Lake Forest teachers continue strike; BOE plans teacherless school day – 09/17/12

Lake Forest teachers continue strike; BOE plans teacherless school day – 09/17/12

9/16/2012

While the majority of focus was on the strike of the Chicago Public School system last week, it wasn’t the only Illinois school district to see a strike. The Chicago suburb of Lake Forest watched as teacher’s walked off the job on Wednesday. Those teachers, represented by the Lake Forest Education Association, are on strike over wage and health care issues. Last year the teachers agreed to a one-year pay freeze in an effort to help the district reach a budget surplus.  The teachers are strongly opposed to a two-tier wage proposal from the Board of Education. The union has said the proposal would turn Lake Forest into a district “where rookies come to learn their craft and move on to neighboring districts due to the two-tier wage system.” The two sides failed to reach an agreement this weekend with the Board of Education ending negotiations by making today a mandatory student school day. The board said the school day will consist of a full day of “educational programming.” The school day will commence with administrators and community volunteers. The move is similar to how a private sector factory might keep minimum operations during a strike by having managers or replacement workers do the work of employees.

In order for a school day to be considered a legal attendance day Lake County requires the staffing of certified educators or at minimum, paid substitutes. It also must include five hours of course instruction in English, math, science, and social studies.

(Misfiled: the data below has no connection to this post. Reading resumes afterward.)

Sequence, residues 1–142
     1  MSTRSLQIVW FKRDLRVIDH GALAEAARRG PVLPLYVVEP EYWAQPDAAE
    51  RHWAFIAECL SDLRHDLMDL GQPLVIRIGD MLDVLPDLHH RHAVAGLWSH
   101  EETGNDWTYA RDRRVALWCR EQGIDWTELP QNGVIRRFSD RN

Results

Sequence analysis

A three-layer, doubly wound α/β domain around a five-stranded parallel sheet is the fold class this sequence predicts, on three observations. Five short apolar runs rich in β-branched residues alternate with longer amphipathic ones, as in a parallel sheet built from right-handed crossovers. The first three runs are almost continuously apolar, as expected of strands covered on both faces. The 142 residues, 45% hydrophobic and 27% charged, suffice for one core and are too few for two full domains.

Contract issues in the Chicago teachers strike

politics

Contract issues in the Chicago teachers strike

The Associated Press | September 13, 2012 07:57 AM EST |


As Chicago teachers walk the picket lines, their union and the city’s school district resumed negotiating a new contract that includes bigger salaries, more benefits, revised job security measures and revamped teacher evaluations. Thursday is the fourth day of the strike. Here is a breakdown of the issues on the table:

TEACHER EVALUATIONS: The union is particularly concerned about a new teacher evaluation system, arguing it would be unfair because it relies too heavily on students’ standardized test scores and does not take into account external factors that affect performance, including poverty, violence and homelessness. They argue it could result in 6,000 teachers losing their jobs within two years. The district says the union already agreed to the new evaluation system, but it has offered to make adjustments. Continue reading “Contract issues in the Chicago teachers strike”

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